Wash your fruits and veggies
December 1, 2007
Many fruits and vegetables sold in the US are treated with several applications of pesticides, and residues of these potentially harmful chemicals often remain on their surfaces. Recent spinach and lettuce recalls are reasons to be concerned about the potential for E. coli, salmonella or other bacteria poisoning. Here’s something to think about: An average of four strangers handled your apple before you chose it and up to 20 may have handled your tomato.
Rinsing all produce thoroughly before eating is a good idea, but many pesticides, fungicides, and other germs and agricultural chemicals, are trapped under a wax coating that was added to resist water and prolong shelflife. Even organic products are likely to be covered with fertilizer, dust, soil, bacteria, fungi and pesticides. Rinsing produce with just plain water is not enough to do the job.
Taking the following steps will limit the amount of pesticides and other harmful residues you eat:
• Grow your own, organically. It’s fun, rewarding and absolutely the only way you will know for sure your food is chemical free.
• Buy local. Get to know your source. Put a face on your food.
• Buy organic. Rules against pesticide use for certified organic are stricter.
• Buy fresh vegetables and fruits in season. When long storage and long-distance shipping are not required, fewer pesticides are used.
• Trim tops and the very outer portions of celery, lettuce, cabbages and other leafy vegetables that may contain the bulk of pesticide residues.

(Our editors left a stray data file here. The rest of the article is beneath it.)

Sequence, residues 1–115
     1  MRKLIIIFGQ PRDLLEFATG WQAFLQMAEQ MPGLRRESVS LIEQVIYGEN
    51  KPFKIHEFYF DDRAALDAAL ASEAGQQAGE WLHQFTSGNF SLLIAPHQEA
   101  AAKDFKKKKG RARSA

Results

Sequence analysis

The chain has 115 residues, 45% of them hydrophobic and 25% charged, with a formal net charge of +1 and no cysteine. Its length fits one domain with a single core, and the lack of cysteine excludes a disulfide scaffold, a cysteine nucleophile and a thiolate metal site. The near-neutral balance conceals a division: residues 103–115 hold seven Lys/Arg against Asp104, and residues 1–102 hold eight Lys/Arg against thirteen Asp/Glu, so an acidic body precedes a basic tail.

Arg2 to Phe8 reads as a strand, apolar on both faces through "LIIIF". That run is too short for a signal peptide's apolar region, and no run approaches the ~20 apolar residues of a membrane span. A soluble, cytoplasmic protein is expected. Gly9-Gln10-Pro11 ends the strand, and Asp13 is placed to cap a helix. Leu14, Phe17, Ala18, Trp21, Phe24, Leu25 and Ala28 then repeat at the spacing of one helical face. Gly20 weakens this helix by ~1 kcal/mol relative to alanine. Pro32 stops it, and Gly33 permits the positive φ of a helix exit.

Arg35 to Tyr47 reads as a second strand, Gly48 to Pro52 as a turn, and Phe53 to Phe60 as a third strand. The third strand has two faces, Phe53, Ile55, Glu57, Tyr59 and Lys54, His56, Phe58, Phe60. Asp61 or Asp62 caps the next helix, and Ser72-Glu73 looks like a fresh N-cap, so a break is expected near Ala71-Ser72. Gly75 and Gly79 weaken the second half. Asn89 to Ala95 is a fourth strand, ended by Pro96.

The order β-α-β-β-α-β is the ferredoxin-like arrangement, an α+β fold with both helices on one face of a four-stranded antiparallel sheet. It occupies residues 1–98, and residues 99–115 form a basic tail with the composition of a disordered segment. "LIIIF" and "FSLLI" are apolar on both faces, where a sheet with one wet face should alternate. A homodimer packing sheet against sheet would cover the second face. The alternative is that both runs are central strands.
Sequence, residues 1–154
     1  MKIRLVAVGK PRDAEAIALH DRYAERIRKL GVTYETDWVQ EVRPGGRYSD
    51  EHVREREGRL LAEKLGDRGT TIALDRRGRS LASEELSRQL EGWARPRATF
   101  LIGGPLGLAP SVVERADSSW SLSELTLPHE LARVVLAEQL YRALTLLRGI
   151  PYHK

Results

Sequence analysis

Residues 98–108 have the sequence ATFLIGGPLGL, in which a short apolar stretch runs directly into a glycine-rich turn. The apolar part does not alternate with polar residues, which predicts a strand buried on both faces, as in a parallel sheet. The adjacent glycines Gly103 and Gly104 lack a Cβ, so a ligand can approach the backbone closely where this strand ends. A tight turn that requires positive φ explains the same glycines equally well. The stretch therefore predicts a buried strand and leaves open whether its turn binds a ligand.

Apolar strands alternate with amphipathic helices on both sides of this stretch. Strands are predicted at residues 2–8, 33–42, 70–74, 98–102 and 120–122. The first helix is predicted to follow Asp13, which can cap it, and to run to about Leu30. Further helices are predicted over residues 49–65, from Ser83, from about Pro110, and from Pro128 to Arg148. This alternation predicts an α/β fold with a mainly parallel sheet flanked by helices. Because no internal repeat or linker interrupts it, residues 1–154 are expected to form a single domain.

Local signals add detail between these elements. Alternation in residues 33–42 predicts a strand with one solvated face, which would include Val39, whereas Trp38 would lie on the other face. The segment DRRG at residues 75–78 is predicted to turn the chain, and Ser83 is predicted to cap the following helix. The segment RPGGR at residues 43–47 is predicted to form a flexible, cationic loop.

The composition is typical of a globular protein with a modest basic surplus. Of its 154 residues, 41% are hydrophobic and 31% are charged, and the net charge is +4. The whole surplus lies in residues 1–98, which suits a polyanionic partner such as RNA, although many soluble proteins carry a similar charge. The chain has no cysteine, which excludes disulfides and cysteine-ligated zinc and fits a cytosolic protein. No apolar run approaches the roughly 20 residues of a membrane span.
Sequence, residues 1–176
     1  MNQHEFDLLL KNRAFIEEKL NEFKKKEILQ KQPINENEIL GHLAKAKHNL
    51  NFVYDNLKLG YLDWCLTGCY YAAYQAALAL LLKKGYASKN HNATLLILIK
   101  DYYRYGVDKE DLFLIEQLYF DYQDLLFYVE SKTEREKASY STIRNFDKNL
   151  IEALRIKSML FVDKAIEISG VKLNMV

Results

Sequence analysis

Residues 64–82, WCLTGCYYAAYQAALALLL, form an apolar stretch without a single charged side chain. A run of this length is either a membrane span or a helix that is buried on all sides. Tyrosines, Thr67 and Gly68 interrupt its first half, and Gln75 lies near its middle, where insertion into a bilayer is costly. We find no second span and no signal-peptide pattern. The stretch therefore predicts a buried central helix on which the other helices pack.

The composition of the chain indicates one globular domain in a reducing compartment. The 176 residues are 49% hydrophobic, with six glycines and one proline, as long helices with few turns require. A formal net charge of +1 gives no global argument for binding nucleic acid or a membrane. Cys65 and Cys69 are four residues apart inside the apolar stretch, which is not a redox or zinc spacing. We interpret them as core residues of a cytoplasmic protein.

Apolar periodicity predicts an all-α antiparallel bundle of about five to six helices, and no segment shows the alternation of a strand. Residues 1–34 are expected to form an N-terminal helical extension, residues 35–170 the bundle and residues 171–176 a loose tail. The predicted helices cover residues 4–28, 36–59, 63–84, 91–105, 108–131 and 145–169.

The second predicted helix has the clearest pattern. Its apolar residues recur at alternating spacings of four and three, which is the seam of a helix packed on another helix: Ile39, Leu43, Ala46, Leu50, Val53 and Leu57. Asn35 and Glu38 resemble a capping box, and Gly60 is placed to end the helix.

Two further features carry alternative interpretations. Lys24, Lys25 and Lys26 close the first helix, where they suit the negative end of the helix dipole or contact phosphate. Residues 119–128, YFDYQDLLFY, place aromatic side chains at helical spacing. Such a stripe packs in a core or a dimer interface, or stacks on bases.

• Peel and cook when appropriate, even though some nutrients and fiber are lost in the process.
• Eat a wide variety of fruits and vegetables. This helps limit exposure to any one type of pesticide residue.
• Purchase only fruits and vegetables that are subject to USDA regulations. Produce imported from other countries is not grown under the same regulations as enforced by the USDA. Examples are strawberries and cantaloupes from Mexico.
• Wait until just before preparation to wash or immerse your produce in clean drinking water. When appropriate, scrub with a brush. Experts at the University of California-Berkeley report that this removes nearly all insects and dirt, as well as bacteria and some pesticide residues. Special soaps or washes are not needed and could be harmful to you depending on their ingredients. Read the label!
Tips for Washing
Most produce actually benefits from a little added moisture when it won’t be stored for too long. Too much dampness will eventually cause mold and other funky microorganisms to grow, so don’t plan on keeping washed items for more than a couple of days — or make sure to dry them out thoroughly.
Never use any detergent or bleach solutions to wash with as fruit and vegetables can absorb these solutions and they’re not meant for human consumption. Using dish detergent can cause diarrhea.
Various combinations of common pantry items work well One recipe calls for soaking produce for five minutes in a 50/50 solution of white vinegar and water, while another calls for spraying fruits and vegetables with a combination of one tablespoon of lemon juice, two tablespoons of baking soda and one cup of water. Follow with a thorough rinse in plain water.
To make a diluted form of hydrochloric acid to wash off pesticides fill your kitchen sink with cold water, add four tablespoons of salt and the juice of half a fresh lemon. Soak fruits and vegetables five to ten minutes (leafy greens two to three minutes and berries one to two minutes)and rinse well.
Invest in a salad spinner. You can soak your leafy veggies in the bowl, then dump out the water and swirl to dry. Veggies get nice and crisp and last longer in the refrigerator.
Avoid buying bagged lettuce but if you must, make sure to wash it before using, even if it is labeled pre-washed.
You can get a vegetable scrubber for root vegetables or anything with a rind. New potatoes and baby carrots will require little else than a gentle scrub before cooking. Even items you’re planning on peeling with a peeler should be washed as any contaminants on the outside will spread to the peeler and the food inside.